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Register of Overseas Entities

  • November 18, 2023
  • 4 min read
Register of Overseas Entities

by Doug Shanks

I was pleased to be described by one reader as leftwing. Well to be precise, I was delighted to hear I had a reader. I would prefer to be seen as apolitical but anti-establishment whoever is making a mess of running our lives for us. The Register of Overseas Entities (ROE) strikes me as a relatively sensible innovation. I can’t remember many others in the last decade of Tory misrule. 

The creation of the ROE and the requirement for beneficial owners of UK properties to be reported to Companies House has significant implications for taxpayers. The main goal of this measure, introduced as part of the Economic Crime (Transparency and Enforcement) Act 2022, is to improve transparency and tackle tax evasion and money laundering involving UK properties.

Do I think sophisticated intentional money laundering will be stymied by this latest act of state control? I’ll come back to that one. What the ROW will do is codify and document taxable property assets like some latter-day Doomsday Book. HMRC introduced measures indexing residential lettings about 15 years ago and the ROE seems a natural extension. The lettings initiative targeted estate agents to increase declared rent and increased disclosure of residential sales. 

I doubt the register will help or hinder professional money-launderers much. The larger property transactions with money coming in offshore are too visible for much to get away. The yardstick is that money-laundering is 2% to 5% depending on how you look at it and what the real tax impact is. What the ROE will do, is what the government does so well, and target the essentially honest middle-income earners trying to make ends meet and accumulate some capital in a world dedicated to making that virtually impossible, for all but a few. In that, unusually, I suspect the ROE will generate a good return.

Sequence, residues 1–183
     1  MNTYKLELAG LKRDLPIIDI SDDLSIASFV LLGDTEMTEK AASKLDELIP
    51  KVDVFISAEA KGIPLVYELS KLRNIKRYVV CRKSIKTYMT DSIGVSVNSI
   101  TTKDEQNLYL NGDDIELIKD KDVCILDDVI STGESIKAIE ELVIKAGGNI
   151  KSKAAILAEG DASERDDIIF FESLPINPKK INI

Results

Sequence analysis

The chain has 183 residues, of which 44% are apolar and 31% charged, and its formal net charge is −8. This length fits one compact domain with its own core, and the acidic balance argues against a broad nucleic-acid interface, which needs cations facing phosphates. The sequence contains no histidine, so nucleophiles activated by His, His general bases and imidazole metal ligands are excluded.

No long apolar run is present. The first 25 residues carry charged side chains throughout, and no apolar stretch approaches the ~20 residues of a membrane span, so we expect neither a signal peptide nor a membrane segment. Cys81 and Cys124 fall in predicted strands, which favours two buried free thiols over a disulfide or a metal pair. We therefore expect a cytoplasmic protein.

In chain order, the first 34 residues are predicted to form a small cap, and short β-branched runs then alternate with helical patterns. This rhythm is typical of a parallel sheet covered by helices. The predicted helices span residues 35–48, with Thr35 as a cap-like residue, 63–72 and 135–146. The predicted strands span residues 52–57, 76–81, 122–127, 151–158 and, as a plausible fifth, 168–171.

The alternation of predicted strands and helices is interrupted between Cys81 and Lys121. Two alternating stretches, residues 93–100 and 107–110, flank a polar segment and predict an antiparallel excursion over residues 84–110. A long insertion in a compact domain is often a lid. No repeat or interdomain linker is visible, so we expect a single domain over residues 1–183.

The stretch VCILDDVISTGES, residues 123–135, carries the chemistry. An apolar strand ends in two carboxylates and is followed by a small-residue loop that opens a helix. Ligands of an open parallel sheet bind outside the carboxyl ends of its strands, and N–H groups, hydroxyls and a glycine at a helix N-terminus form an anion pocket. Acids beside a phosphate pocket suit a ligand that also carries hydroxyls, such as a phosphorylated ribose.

For taxpayers who own or are associated with overseas entities holding UK property, there are several important considerations. First and foremost, they must ensure that their overseas entities are compliant with the new requirement to register with Companies House and declare their beneficial owners or managing officers. Companies were expected to register by 31 January 2023. Failure to do so may result in monetary penalties or other sanctions.

The introduction of the ROE has given HMRC access to a wealth of data, helping them identify non-compliant overseas entities and scrutinise individuals or companies with beneficial interests in UK property or land. As a result, taxpayers who may have undeclared or incorrect UK tax liabilities related to their beneficial holdings, could come under HMRC’s investigation.

To encourage voluntary compliance, HMRC has set up a new disclosure facility. Taxpayers who suspect they may have undisclosed tax liabilities are encouraged to use this facility to get in contact with HMRC. Making unprompted voluntary disclosures may lead to lower penalties compared to if HMRC initiates the contact.

It’s important for taxpayers to be proactive and ensure they are compliant with the new regulations to avoid potential penalties or legal consequences. HMRC’s active use of the ROE data shows that they are committed to pursuing tax compliance, and non-compliant taxpayers may find themselves subject to increased scrutiny and enforcement.

In conclusion, the implementation of the ROE and the reporting requirements for beneficial owners have given HMRC more tools to identify tax evasion and promote transparency in property ownership. Taxpayers must ensure compliance and take advantage of the disclosure facility if they have any concerns about their tax liabilities related to UK property or land holdings.

My aforementioned reader will have heard my reworking of the famous Churchill’s democracy quotation (that it is the worst system of government ever devised except all the others), applying it to HM Revenue and Customs. (Have you learned to say “His Majesty’s” yet?). If you think our Revenue is tough, spend a couple of days with us dealing with the implications for US citizens who have overlooked their UK properties. All the ROE cases we’ve taken on have involved disclosure problems in the country of residence of the property-owning vehicle. Now, that isn’t going to be surprising. If you have outstanding disclosures where the asset is, it’s likely that there will be implications where ownership lies. It is likely that your solution will be driven by settling the UK position first because ours is probably the least worst legislature when things go wrong.

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Douglas Shanks

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